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April 28, 2000

April 28, 2000

The Hockey News has been providing the most comprehensive coverage of the world of hockey since 1947. In each issue, you'll find news, features and opinions about the NHL and leagues across North America and the world.



Marsh top coach in U.S. college St. Lawrence’s Joe Marsh led his team to the NCAA Frozen Four and was selected coach of the year in U.S. Division I college hockey. Marsh guided the Saints to a 27-82 record and the Eastern College Athletic Conference title. He will receive the Spencer Penrose Award at the American Hockey Coaches Association banquet April 29. Judy Oberting of Dartmouth and Ted Wisner of Colgate are coaches of the year in U.S. national women’s university and college divisions. Documentary tells Rheaume story Manon Rheaume, the first and only woman to see game action with an NHL team, is the subject of a one-hour documentary on The Women’s Television Network in Canada. Manon Rheaume: The Woman Behind the Mask recounts the story of the hockey pioneer from Lac Beauport, Que., who…


Sixth time still sweet

MISSISSAUGA, Ont.-The U.S. won the biggest game in women’s hockey history, but it’s Canada that can lay claim to world domination. Since winning gold at the 1998 Winter Olympics in Nagano, the U.S. has dropped nine of 10 games against Canada, including a 3-2 overtime thriller in the final of the 2000 Women’s World Hockey Championship in Mississauga, Ont., April 9. The Americans had a 2-0 lead with less than 15 minutes remaining, but couldn’t hold off the Canucks. Jayna Hefford scored twice to lead the third period comeback, setting the stage for Nancy Drolet’s overtime heroics. Drolet scored 6:50 into the extra frame to give Canada its sixth consecutive world title and 30th straight world championship victory. “This game took women’s hockey to a new level,” said Canadian coach Melody Davidson. “It…


Stars must expect to be targets

The third period of the last Florida Panthers’ regular season game that mattered had the New Jersey Devils starting to send messages of the physical nature for the playoff series they figured might be pending. Scott Stevens on Pavel Bure. Bobby Holik on Ray Whitney. The signal was sent to the Panthers their skill guys would be getting worked over. As soon as the Panthers, not the most physical team, knew they would get New Jersey in the first round, they began addressing how they would deal with the harassment that’s a part of every spring ice dance. “That’ll be playoff hockey,” shrugged Whitney. “A guy like Pavel is going to have to expect he’s going to get hit, going to get run a little bit,” said Panthers’ defenseman Bret Hedican, a teammate…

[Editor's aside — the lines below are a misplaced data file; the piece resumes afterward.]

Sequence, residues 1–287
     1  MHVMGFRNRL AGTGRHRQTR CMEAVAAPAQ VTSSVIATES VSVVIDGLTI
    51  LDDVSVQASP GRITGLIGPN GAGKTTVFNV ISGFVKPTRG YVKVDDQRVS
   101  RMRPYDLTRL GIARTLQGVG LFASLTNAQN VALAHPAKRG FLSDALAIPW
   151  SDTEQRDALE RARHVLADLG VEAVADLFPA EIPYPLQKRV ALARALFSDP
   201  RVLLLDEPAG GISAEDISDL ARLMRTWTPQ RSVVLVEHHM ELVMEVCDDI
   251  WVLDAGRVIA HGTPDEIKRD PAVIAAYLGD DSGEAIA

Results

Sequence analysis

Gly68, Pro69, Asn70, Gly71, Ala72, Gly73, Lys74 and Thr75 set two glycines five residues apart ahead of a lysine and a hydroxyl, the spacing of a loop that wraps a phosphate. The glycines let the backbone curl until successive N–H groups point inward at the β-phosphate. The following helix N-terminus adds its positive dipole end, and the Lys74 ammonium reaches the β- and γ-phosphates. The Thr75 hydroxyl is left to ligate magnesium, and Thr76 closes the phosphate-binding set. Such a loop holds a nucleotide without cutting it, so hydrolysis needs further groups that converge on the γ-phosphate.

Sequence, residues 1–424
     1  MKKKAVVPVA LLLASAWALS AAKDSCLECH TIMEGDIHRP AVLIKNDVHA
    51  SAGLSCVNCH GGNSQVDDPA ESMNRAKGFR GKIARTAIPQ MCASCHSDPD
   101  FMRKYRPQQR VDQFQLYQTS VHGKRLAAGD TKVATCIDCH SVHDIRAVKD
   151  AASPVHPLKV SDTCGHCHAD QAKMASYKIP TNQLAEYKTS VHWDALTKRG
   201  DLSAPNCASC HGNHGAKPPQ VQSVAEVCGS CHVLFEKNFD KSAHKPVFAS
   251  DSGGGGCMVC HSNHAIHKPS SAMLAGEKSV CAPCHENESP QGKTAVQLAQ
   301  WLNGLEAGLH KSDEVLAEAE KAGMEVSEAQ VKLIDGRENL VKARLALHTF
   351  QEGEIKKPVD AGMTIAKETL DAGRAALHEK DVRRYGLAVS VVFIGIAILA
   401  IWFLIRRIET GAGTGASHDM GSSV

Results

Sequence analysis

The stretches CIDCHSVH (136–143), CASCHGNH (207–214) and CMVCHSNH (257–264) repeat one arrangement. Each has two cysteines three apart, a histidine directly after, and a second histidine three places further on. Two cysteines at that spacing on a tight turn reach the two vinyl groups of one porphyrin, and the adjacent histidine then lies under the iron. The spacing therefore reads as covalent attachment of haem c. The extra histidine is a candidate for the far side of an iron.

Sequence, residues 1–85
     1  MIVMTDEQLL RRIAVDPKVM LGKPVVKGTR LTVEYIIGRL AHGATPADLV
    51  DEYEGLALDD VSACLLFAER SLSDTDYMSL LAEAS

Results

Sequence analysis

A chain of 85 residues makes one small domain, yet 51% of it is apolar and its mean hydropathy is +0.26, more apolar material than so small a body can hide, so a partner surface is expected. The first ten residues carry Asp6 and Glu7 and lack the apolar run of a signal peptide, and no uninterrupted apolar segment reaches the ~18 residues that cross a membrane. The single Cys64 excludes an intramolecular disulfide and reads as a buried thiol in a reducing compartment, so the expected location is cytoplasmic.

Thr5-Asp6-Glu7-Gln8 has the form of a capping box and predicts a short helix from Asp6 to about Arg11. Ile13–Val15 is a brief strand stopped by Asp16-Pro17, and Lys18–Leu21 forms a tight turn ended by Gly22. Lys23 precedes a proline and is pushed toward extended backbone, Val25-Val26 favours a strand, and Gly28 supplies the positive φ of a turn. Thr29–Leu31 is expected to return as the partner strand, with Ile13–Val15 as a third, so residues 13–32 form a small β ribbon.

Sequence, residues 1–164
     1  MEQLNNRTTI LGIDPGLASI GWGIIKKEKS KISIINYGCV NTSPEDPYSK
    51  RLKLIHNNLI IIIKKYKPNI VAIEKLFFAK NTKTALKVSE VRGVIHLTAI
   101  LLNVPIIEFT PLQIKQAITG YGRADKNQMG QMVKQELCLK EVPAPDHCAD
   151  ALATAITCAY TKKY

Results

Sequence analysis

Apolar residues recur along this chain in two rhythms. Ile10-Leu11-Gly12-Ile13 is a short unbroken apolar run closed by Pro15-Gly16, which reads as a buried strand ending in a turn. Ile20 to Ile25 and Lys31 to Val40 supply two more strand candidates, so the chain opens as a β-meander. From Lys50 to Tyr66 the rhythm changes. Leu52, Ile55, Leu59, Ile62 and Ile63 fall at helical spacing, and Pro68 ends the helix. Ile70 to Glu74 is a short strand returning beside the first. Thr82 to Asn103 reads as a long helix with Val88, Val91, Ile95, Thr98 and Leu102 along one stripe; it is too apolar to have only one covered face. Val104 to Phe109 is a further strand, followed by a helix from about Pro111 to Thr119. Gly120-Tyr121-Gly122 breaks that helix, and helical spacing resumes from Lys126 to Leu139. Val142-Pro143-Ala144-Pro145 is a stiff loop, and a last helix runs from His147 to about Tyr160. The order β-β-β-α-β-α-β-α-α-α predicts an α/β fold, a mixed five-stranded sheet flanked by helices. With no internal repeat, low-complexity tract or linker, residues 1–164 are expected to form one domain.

Travelling nomad Skalde discovers stability in Utah

On the ice, any time spent in one place is usually too long for Jarrod Skalde. The Utah Grizzlies’ center with the fast feet, however, credits a more stationary life off the ice as the main reason for his breakthrough season in the International League, one sure to garner some support for the James Gatschene Memorial Trophy as the league’s MVP. “Let’s just say the fact I’ve been in one place this season has helped,” said Skalde, who set a career-high with 77 points with two games remaining. His previous high was a 75-point season with the 1994-95 Las Vegas Thunder. “I knew I’d be coming to Utah this year and it sure looked to me like things would be pretty stable.” The Grizzlies, under new coach-GM Bob Bourne, are on the winning…